We had gotten in the ticket holders line early enough to be just around the corner of the building, but the line quickly grew and ticket holders eventually stretched down the entire length and around the corner on the other side. At this point, we realized that it was 8:55, and they hadn't started seating yet. Around 9:15, an employee came out and told us that the film before had run over by 45 minutes so it would be a little bit before we could get in, as they had to clear the theater first.
Since we had underestimated how cold it was outside (neither of us had jackets on), we discussed selling our tickets to a few people in the rush line - trying to figure out how we could offer them to the cute girls we had our eye on in the middle of the line without offending anyone else. We also became the "hub" of the line; everyone would stop right where we were to ask if our line was the ticket holder's line. One guy who stopped exclaimed it was odd that the ticket holder's line was so long and the rush ticket line was so short*...after talking for a bit about that, he seemed to get nervous, glanced around and exclaimed, "Oh hi guys, I'm a ticket holder too!". Maybe he thought the crowd would turn ugly or something. I think he ended up ditching because he didn't want to go to the end of the (now gigantic) line.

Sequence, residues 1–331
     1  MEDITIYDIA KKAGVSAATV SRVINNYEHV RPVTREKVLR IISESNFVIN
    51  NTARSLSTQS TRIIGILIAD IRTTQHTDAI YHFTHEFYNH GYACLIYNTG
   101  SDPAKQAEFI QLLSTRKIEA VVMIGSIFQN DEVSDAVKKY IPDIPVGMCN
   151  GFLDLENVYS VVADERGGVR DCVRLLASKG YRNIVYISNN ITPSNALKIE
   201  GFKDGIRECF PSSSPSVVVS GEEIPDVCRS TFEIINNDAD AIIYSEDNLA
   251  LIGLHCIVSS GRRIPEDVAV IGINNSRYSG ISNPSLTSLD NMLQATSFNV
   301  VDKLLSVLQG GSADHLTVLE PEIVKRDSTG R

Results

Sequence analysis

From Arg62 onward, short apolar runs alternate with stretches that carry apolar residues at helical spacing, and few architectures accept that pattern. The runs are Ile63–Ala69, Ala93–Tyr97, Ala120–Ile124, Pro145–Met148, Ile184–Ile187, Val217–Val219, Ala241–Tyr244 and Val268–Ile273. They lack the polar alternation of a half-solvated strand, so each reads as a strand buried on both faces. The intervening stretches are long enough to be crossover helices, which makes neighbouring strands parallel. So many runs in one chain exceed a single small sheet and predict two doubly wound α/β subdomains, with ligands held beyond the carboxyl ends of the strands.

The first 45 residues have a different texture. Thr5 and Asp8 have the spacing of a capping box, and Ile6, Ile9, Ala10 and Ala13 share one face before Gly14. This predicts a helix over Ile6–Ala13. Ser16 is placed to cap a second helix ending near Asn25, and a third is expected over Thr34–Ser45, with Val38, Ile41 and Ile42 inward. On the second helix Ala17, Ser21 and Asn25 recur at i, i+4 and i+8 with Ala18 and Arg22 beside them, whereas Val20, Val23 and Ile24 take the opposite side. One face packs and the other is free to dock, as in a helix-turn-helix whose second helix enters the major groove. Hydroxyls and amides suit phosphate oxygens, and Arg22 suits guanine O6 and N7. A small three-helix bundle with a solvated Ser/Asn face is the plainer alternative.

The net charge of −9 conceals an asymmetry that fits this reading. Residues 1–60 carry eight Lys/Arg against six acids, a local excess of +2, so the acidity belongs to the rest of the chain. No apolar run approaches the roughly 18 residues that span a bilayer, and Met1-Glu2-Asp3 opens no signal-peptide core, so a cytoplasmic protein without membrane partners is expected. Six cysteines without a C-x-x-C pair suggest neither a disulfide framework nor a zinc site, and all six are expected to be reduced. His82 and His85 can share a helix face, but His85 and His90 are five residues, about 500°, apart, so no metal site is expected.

As luck would have it, the venue manager for the theater came 'round shortly after that and offered people $10 a ticket, in order to shorten the line and make sure they didn't have to turn too many people away. We volunteered, she took our tickets, 10 minutes later the line started moving in, and we collected our cash and were on our way.
Note: The friendly Egyptian employee with the long hair (who I always see at SIFF, but still don't know his name) also informed everyone that 5X2 would be playing at The Varsity soon -- so everyone who missed it at SIFF can catch it there.
*yeah, I didn't get it either.
Sunday, June 5, 2005